• Playground Pals are used to support their peers during the play and lunchtime breaks.

  • Thrive groups and 1:1 sessions to support children’s emotional development

  • Citizenship & Character award - designed to encourage our children to develop their own personal skills that will help them to lead healthy and happy lives.  The award has been created to develop five main character strands:

          ‘Developing Me’ – To explore personal skills and interests.

          ‘Physical Me’ – To encourage physical activity, including healthy eating.

          ‘Wellbeing Me’ – To develop positive mental health and wellbeing.

          ‘Local Me’ – To discover and celebrate the local area.

          ‘Global Me’ – To learn more about their place as a global citizen.

  • PSHE Scheme - JIGSAW PSHE promotes a ‘mindfulness’ approach to lessons.  See PSHE documents under curriculum tab for more information.
  • RSHE – Relationships, Sex and Health Education. Relationships and health are explored within our RSHE lessons, as well as the wider curriculum. Areas covered are families, friendships, relationships and being safe. See PSHE documents under curriculum tab for more information.
  • Collective Worship - Whole school assembly themes to promote and support SEMH
  • SMSC Overview - Each year we plan our a rnage of opportunities to improve the children's social, moral, spiritual and cultural understanding. See SMSC Overview under Character Development tab.
  • Workshops - Annual workshops, events and assemblies run by NSPCC and other outside agencies
  • After School Provision - A comprehensive range of health and sporting activities across the curriculum and in after-school clubs
  • Play Therapy - To support children to express their thoughts and deal with their emotional problems, using play and creative arts as the main communication tool, rather than relying on words.  
  • HeadStand PE – to support children struggling with anxiety and provide them with strategies to cope with life’s challenges. Uses sport and physical activity to provide the support and steps to help children leap over life’s hurdles.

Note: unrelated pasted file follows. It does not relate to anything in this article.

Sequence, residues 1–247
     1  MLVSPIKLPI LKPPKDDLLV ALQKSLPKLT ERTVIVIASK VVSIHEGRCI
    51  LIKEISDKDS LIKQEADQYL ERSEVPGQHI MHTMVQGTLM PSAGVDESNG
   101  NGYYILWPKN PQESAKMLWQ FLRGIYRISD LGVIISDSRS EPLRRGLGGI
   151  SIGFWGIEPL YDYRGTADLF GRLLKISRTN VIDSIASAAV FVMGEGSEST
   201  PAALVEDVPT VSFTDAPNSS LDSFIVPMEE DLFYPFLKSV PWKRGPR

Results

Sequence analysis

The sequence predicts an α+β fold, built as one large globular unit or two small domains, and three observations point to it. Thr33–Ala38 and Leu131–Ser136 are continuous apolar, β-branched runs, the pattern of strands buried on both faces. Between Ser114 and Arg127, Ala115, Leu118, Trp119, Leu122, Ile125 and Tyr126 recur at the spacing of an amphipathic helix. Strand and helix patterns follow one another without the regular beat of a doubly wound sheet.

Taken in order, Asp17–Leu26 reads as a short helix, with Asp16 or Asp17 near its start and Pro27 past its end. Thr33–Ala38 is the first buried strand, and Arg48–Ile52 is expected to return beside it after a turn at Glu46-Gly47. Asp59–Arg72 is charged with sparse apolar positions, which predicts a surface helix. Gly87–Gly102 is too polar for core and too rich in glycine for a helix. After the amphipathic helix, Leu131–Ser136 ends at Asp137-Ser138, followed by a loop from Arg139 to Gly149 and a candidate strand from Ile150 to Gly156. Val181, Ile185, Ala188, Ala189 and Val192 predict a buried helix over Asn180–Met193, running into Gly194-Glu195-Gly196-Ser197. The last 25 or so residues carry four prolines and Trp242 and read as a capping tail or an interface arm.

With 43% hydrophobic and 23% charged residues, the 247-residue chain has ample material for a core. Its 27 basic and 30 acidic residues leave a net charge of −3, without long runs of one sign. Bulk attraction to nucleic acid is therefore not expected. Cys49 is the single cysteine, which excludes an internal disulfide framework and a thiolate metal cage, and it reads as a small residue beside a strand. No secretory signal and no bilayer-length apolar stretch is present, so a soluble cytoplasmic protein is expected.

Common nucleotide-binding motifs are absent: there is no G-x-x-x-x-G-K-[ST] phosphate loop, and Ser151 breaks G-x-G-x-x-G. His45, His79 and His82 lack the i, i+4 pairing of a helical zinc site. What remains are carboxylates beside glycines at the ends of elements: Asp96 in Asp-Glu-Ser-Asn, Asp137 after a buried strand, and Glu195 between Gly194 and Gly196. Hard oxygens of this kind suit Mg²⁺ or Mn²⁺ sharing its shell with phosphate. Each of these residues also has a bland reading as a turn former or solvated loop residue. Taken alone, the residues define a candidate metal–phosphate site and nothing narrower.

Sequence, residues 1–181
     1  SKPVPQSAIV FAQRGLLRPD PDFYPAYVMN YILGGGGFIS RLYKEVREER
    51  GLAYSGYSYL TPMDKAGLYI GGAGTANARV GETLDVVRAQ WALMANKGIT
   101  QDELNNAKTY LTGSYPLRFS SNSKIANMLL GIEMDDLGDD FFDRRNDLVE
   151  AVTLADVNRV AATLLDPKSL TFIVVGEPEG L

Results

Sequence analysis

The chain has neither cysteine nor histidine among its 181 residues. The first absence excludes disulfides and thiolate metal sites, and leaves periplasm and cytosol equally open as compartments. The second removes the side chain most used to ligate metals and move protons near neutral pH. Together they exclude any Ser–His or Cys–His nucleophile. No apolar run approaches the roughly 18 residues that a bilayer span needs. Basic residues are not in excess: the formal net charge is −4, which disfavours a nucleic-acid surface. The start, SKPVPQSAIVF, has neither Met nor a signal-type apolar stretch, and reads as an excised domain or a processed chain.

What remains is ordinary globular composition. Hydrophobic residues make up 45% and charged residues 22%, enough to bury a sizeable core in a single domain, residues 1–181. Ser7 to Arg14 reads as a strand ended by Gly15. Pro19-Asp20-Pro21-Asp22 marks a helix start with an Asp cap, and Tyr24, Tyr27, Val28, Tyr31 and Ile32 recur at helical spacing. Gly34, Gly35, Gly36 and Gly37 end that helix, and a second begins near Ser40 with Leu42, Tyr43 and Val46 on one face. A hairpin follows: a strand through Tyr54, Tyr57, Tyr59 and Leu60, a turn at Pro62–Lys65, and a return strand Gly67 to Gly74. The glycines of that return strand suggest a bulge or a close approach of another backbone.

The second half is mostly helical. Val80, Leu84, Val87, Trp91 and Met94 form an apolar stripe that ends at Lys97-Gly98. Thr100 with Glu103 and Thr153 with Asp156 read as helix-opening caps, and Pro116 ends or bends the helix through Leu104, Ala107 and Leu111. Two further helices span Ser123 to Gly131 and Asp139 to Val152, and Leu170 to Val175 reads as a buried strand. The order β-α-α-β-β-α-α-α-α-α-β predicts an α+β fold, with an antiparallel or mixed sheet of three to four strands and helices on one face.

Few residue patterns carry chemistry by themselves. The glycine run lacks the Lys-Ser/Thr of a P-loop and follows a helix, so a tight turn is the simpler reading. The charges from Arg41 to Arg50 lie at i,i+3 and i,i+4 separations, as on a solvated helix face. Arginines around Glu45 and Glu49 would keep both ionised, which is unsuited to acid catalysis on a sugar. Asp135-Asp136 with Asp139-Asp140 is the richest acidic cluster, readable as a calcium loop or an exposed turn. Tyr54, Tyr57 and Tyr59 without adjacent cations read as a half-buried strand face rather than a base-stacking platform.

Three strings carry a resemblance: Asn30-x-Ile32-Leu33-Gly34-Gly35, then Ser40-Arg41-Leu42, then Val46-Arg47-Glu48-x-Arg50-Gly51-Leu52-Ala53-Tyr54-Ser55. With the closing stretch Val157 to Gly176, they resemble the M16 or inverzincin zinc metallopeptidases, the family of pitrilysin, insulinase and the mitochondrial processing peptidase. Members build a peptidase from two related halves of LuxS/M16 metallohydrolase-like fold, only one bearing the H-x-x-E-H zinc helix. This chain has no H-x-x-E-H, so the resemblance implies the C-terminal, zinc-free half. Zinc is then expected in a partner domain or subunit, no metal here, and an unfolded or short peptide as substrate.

• Lunchtime club – a calm space for children who may find a busy playground challenging.
  • Forest school – to develop confidence and self-esteem through hands-on experience in a natural setting.
  • Forever Sport - A huge variety of sports lessons and clubs.
  • Transition – extra support for pupils joining us and those moving on to secondary school.
  • Zones of Regulation – A programme which teaches us to recognise and regulate our feelings.
  • Trained Mental Health First Aiders 

Thrive at St John’s


Thrive provides a way of understanding and addressing the emotional and social development of all children. It offers right time interventions to meet the social and emotional needs of children at the developmental stage for their age, as well as reparative interventions to support children with gaps in their development.

Children with gaps in their social and emotional development, can find it difficult to engage with academic learning. Thrive enables us to identify those gaps and to address them using relational strategies and arts based activities.

Children may attend individual or small group sessions for specific reasons which may be a barrier for learning for example

Quiet, shy, withdrawn,

Find it hard to listen to others and join in

Disrupting own and others learning

Find it difficult to share and take turns

Find it tricky to settle and focus in class

Low self-esteem

Friendship difficulties


The Blossom room is a designated Thrive space. It’s a calm, and cosy room where individuals and small groups can spend time with a Thrive Practitioner engaging in activities from an action plan. Pupil profiles are undertaken in order to identify the area of need. A whole class, small groups and individual action plans support pupils' development and a series of activities and interventions are put in place.

Activities may include: –

Story telling

Circle games

Arts and crafts

Sand play

Movement and relaxation


Sensory play


Puppet work


Meet your Wellbeing Champions:

Wellbeing Champions - Wellbeing champions are used to support and promote the wellbeing in each and every class.